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Coronavirus, aftermath and possible change of regimes-I

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Coronavirus, aftermath and possible change of regimes-I

Salah Uddin Shoaib Choudhury

Every leader around the world clearly is struggling in fighting the unimaginable spread of coronavirus, which by now has killed over a hundred thousand people. According to statistics, coronavirus or Covid-19 is the deadliest after Black Death and Spanish flu. All of us know, approximately 200 million people died during Black Death while 50 million during Spanish flu. Most definitely, the death toll of coronavirus will not be even near to the one of Spanish flu, but of course, it will leave severe impact on the global economy, while in a number of countries in the world, there will be change of regimes.

The failure of the US and the UK to swing into action with a wide range of mitigation measures – despite the lessons of Italy’s slow response to the spread of Covid-19 – has heightened concerns that a sustained, epochal downturn lies in wait. Similarly, a number of Asian countries did not understand the severity of coronavirus, even when it was devastating Wuhan in China, and had adopted rather a lethargic strategy in taking measures to initially stop this virus entering those countries and now in spreading like bonfire.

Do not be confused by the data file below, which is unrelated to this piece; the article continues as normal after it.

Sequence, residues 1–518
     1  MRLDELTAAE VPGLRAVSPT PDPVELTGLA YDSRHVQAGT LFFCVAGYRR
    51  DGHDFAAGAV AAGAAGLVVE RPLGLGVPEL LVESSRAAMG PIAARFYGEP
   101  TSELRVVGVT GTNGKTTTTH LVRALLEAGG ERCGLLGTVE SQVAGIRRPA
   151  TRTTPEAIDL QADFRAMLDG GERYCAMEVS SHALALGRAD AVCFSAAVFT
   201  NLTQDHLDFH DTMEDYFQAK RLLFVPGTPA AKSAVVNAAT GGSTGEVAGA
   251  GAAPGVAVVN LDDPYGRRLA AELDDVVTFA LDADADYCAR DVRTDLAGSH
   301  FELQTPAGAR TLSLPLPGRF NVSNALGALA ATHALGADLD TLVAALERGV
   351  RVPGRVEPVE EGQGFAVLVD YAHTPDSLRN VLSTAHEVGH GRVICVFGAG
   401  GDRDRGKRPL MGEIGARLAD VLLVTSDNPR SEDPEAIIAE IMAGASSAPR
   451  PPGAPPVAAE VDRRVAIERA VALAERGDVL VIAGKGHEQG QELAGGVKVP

Economic experts are already seeing the risk of the return of the Great Depression, which had shattered global economy. British newspaper the Guardian wrote: “… And a depression would mean an almost exact repeat of the same period one hundred years ago, when a deeply divided society and soaring stock markets during the 1920s gave way to a tortuously slow return to economic health during the 1930s in the wake of the 1929 stock market crash.

Back in January this year, a number of top research-scholars a number of leading universities in Hong Kong had predicted stating, Wuhan would be able to eliminate coronavirus by March. They also said, the virus may spread into a number of countries in the world. Those scholars also predicted a severe recession in the global economy, which would be much wider than the Great Depression, which had emerged in 1929 following the WWI.

The is Black Death

The Black Death, also known as the Pestilence and the Plague, was the most fatal pandemic recorded in the human history, resulting in the death of 200 million people in Eurasia and North Africa, peaking in Europe from 1347 to 1347 to 1351. Plague, caused by the bacterium Yersinia pestis is believed to have been the cause.

Yersinia pestis infection can cause speticaemic and pneumonic plagues, but most common results to bubonic plague. The Black Death was the second plague pandemic recorded, after the Plague of Justinian (542-546). The plague created religious, social, and economic upheavals, with profound effects on the course of European history.